All right, Gerry, let‘s deal with the issue of Chappell Hartridge first, that jury.  OK, so now the defense has dug up more dirt on this guy.  More allegation that is he didn‘t tell the truth on his jury questionnaire. 

But really, this doesn‘t and won‘t lead to a new trial, will it? 

GERALD LEFCOURT, CRIMINAL DEFENSE ATTORNEY:  Well, you know, that alone, it probably wouldn‘t.  But the combination of facts that is now coming out—and I don‘t think you could keep the information from Stewart‘s lawyers separate from the information provided by Bacanovic‘s lawyers.  Because now what we‘re seeing, assuming for a moment that what they‘re saying is true—and I do so assume, because I don‘t think that they would lie in an affidavit—is that the jurors were reading the very hostile press that Martha Stewart has received, and all kinds of things were in that press, not only about her expensive handbag and also, how much money the lawyers were making, but also, lawyer arguments that were held out of the presence of the jurors.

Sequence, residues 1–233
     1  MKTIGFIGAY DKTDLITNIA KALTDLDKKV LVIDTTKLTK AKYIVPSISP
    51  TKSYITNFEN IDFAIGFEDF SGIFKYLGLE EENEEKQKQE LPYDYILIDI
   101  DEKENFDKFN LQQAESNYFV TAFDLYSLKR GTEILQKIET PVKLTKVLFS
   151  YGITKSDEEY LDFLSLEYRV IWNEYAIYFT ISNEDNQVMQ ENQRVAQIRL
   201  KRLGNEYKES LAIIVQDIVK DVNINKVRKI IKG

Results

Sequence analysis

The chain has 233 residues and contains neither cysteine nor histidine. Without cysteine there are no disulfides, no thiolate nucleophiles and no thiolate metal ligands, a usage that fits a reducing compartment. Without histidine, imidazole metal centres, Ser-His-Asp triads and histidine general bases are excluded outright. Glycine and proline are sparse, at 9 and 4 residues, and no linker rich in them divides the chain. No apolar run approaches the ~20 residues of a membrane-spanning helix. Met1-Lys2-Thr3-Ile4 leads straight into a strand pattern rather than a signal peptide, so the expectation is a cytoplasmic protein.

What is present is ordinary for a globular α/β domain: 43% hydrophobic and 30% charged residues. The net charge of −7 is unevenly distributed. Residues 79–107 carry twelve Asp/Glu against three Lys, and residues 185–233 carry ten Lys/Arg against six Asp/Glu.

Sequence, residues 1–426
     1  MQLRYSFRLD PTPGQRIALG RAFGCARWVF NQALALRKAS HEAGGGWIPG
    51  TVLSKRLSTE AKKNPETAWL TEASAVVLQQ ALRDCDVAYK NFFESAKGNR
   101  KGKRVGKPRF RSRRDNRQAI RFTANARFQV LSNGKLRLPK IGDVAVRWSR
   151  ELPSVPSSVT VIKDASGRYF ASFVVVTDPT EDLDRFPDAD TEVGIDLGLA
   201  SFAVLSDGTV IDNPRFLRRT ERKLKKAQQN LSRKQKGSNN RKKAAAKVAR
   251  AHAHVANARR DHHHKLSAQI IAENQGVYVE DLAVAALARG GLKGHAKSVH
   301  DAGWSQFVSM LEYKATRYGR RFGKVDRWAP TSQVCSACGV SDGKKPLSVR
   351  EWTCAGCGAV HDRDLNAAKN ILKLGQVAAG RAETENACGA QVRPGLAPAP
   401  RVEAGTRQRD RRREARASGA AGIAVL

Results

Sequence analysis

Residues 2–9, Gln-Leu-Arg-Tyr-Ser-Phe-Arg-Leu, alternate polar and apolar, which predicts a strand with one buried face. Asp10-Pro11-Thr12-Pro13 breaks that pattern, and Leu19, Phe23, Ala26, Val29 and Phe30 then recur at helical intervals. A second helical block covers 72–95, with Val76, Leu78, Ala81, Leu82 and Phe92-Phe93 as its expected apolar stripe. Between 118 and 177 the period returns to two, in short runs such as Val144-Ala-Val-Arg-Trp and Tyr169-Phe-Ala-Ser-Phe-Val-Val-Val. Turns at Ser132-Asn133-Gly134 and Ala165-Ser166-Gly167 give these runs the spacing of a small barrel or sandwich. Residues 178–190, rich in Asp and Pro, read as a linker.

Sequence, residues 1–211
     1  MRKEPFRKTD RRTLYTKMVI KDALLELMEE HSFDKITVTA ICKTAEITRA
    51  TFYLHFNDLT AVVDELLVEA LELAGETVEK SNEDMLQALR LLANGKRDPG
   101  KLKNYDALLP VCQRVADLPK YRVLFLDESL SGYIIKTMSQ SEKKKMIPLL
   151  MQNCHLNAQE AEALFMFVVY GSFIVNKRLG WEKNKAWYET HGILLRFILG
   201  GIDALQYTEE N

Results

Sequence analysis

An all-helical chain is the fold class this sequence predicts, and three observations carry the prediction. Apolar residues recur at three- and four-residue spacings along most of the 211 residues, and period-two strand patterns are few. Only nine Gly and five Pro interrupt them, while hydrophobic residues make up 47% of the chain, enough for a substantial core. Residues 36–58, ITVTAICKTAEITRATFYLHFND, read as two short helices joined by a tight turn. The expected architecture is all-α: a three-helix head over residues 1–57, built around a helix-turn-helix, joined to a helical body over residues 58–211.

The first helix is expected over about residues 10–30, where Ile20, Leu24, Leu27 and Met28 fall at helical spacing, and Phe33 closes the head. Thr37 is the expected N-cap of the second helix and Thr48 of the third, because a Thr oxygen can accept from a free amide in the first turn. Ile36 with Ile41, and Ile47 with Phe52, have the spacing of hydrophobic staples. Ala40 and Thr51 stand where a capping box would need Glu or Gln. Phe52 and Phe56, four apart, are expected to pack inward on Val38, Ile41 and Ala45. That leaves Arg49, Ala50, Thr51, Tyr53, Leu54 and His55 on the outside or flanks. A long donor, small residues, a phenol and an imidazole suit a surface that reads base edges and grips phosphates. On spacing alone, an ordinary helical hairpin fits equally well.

Can you have any confidence, after a juror comes out and says this is a victory for the little people, that this was not like a class struggle going on between Martha Stewart and her jurors, which really infected a fair trial.  Now, whether the judge will consider all this enough to overturn it remains to be seen.  But the judge should conduct a hearing, and all of this should be put on the record so that everybody knows what they were really discussing and how all of this...


LEFCOURT:  ... may have affected the verdict.